y Mr J. W. H. Porter, under the supervision of Constructor John L. Porter, purporting to be a correct version of the converting of the Merrimac into an iron-clad. Mr Porter says: In your issue of Sunday last, in the communication of Mr. Virginius Newton, headed The Merrimac's men , there appears the following: Upon this hulk, according to plans furnished by Lieutenant John M. Brooke of the Confederate States Navy (though the merit of the design is also claimed for Naval Constructor John L. Porter), was built a house or shield, &c. This does a grave injustice to a gallant old Confederate and Virginian, who sacrificed his all upon the altar of his country; and had Mr. Newton known fully the facts it is believed that he would have published his article with the names above reversed. The following dispassionate statement of Colonel Brooke of the facts connected with the conversion of the Merrimac is conclusive: In October, 1887, I was requested by the editor of the
J. W. H. Porter (search for this): chapter 1.1
2, with some variations and additions. Mr. J. W. H. Porter says: Lieutenant John M. Brooke, of e failure of Lieutenant Brooke's scheme, Constructor Porter then had another model made like the ones to the ship-carpenter. Mr. Joseph Pearce (Mr. Porter spells it Pierce) was a constructor competenvices were not available at that time. Mr. J. W. H. Porter's loquacious ship-carpenter had been wawhich had been adopted. On reporting to Constructor Porter he probably thought that he fulfilled his in using the language attributed to him by Mr. Porter. He gave no information as to the extensionnts he is said to have made. Naturally, Constructor Porter was much surprised when, on presenting hst is put first, and the first last. Mr. J. W. H. Porter continues: And later still, when the red would be the last to forget its origin. Mr. Porter further says: Mr. Brooke, I believe, ther the Secretary nor myself had noticed Constructor Porter's published claims, I thought it advisab[4 more...]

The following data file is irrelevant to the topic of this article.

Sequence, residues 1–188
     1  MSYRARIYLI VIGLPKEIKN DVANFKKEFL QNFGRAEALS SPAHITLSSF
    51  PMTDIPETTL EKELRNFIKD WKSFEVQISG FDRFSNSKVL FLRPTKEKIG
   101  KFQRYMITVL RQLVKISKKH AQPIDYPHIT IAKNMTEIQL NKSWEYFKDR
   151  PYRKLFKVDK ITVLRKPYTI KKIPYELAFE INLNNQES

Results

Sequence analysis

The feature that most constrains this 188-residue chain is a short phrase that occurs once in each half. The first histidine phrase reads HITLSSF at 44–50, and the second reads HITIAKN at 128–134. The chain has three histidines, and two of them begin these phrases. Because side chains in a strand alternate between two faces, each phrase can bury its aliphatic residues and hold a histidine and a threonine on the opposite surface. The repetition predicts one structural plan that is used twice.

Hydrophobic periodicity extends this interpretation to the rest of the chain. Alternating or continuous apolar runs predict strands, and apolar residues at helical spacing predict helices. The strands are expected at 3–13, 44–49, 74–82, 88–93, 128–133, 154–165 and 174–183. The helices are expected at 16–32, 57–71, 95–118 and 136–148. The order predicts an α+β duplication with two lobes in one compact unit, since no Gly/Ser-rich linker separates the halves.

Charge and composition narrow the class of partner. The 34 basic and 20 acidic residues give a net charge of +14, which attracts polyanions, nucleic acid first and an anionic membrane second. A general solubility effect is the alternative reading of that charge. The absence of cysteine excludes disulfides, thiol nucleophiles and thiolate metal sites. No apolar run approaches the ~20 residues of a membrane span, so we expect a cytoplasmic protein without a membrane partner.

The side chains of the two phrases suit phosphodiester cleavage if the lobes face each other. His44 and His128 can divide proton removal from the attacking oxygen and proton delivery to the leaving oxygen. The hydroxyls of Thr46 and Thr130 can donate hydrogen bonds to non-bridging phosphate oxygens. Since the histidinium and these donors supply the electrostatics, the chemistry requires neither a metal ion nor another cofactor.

ey rallied when I got them to the Teazer. Send the signal book! When I can be moved the doctors will send me to Richmond, where a spell of a few weeks will put me on my pins again. Make my kind regards to Mrs. Brooke; and with the hope that you are in better health, I am ever your friend, R. D. Minor. Remember me to Volcke, to McCorkle, and Upshur. The Commodore had the signal Sink before Surrender arranged before the action. Tell this to Mallory, for I hardly think that old Buch. will ever do so. N. B.—There will doubtless be an attempt made to transfer the great credit of planning the Virginia to other hands than your own. So look out for them, for to you it belongs, and the Secretary should say so in communicating his report of the victory to Congress. By no means must any captain or commodore or even flag-officer be put over Jones. In old Buch.'s sickness from his wound Jones must command the ship. In justice to Constructor Porter, and in order that hi
C. S. N. Consructor (search for this): chapter 1.1
angements for the working of this novel kind of ship that any one would attempt to rob me of my just merits; for, if there was any other man than myself who had any responsibility about her success or failure I never knew it, only so far as the working of the machinery was concerned, for which Engineer Williamson as alone responsible. I hope these plain statements of facts will satisfy the people of this government as to who is entitled to the plan of the Virginia. John L. Porter, C. S. N. Consructor. On the 3d of April, I wrote a private letter to Mr. Porter which, so far as I know, has never been published. [Copy.] Richmond, April 3, 1862. dear Sir: I have observed, with surprise and regret, certain articles in the newspapers relating to the Virginia and the origin of the plan upon which she is constructed. I shall leave to those qualified to judge the question of whose plan was adopted; for the facts are accessible. But meanwhile I beg leave to call your attenti